Extra data

The extraData property is RLP encoded. RLP encoding is a space efficient object serialization scheme used in Ethereum. To generate the extraData RLP string for inclusion in the genesis file, use the rlp encode Besu subcommand.


besu rlp encode --from=toEncode.json

Where the toEncode.json file contains a list of the initial validators, in ascending order. To write the validator address and copy it to the toEncode.json file, use the public-key export-address Besu subcommand. For example:

One initial validator in toEncode.json file


Copy the RLP encoded data to the extraData property in the genesis file.

Block time

When the protocol receives a new chain head, the block time (blockperiodseconds) and round timeout (requesttimeoutseconds) timers start. When blockperiodseconds expires, the protocol proposes a new block.

If requesttimeoutseconds expires before adding the proposed block, a round change occurs, with the block time and timeout timers reset. The timeout period for the new round is two times requesttimeoutseconds. The timeout period continues to double each time a round fails to add a block.

Usually, the protocol adds the proposed block before reaching requesttimeoutseconds. A new round then starts, resetting the block time and round timeout timers. When blockperiodseconds expires, the protocol proposes the next new block.


If more than ⅓ of validators stop participating, new blocks can no longer be created and requesttimeoutseconds doubles with each round change. The quickest method to resume block production is to restart all validators, which resets requesttimeoutseconds to its genesis value.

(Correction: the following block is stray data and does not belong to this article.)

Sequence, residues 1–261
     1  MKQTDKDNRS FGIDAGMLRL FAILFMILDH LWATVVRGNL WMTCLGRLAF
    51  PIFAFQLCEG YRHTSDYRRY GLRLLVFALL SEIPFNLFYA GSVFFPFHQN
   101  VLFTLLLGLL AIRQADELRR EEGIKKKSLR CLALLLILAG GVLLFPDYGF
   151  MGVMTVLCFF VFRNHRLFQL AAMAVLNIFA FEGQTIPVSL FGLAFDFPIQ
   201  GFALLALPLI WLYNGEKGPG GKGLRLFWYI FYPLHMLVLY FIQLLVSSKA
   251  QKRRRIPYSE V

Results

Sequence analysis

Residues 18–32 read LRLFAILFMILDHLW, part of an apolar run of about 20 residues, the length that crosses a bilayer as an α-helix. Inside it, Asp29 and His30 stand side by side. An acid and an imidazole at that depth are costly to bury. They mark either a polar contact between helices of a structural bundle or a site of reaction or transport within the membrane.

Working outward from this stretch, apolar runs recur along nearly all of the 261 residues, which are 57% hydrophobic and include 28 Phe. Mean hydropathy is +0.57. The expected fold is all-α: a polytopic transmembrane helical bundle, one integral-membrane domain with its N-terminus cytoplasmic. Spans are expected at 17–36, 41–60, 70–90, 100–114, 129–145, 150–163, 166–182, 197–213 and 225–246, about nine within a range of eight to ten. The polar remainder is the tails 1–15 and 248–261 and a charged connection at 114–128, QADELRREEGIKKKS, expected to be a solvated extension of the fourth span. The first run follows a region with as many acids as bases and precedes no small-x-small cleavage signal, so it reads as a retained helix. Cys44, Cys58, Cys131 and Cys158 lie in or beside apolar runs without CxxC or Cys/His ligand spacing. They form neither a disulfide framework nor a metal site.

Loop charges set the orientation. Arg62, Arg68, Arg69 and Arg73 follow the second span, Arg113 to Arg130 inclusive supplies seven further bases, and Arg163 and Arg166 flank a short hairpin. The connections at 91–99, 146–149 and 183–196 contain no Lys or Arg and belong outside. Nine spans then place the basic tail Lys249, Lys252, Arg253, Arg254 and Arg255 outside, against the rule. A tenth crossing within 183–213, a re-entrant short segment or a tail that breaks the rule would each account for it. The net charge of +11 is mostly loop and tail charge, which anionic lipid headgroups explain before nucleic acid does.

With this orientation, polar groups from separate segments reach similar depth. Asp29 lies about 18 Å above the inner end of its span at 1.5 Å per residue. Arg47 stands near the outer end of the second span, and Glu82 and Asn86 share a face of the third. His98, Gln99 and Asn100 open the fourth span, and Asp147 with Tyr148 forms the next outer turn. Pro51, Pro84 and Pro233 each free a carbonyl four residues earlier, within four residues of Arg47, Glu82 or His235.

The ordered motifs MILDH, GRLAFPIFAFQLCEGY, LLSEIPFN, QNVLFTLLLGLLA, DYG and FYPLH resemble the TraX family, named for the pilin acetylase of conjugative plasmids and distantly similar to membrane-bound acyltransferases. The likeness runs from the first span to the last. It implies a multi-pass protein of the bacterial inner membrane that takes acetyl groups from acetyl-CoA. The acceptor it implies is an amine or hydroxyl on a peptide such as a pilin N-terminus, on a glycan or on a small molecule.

Once blockperiodseconds is over, the time from proposing a block to adding the block is small (usually around one second) even in networks with geographically dispersed validators.


An internal network run by ConsenSys had four geographically dispersed validators in Sweden, Sydney, and two in North Virginia. With a blockperiodseconds of 5 and a requesttimeoutseconds of 10, the testnet consistently created blocks with a five second block time.

Tuning block timeout

To tune the block timeout for your network deployment:

  1. Set blockperiodseconds to your desired block time and requesttimeoutseconds to two times blockperiodseconds.
  2. Reduce requesttimeoutseconds until you start to see round changes occurring.
  3. Increase requesttimeoutseconds to the value where round changes are no longer occurring.


View TRACE logs to see round change log messages.

Optional configuration options

Optional configuration options in the genesis file are:

  • messageQueueLimit - In large networks with limited resources, increasing the message queue limit might help with message activity surges. The default is 1000.
  • duplicateMesageLimit - If the same node is retransmitting messages, increasing the duplicate message limit might reduce the number of retransmissions. A value of two to three times the number of validators is usually enough. The default is 100.
  • futureMessagesLimit - The future messages buffer holds messages for a future chain height. For large networks, increasing the future messages limit might be useful. The default is 1000.
  • futureMessagesMaxDistance - The maximum height from the current chain height for buffering messages in the future messages buffer. The default is 10.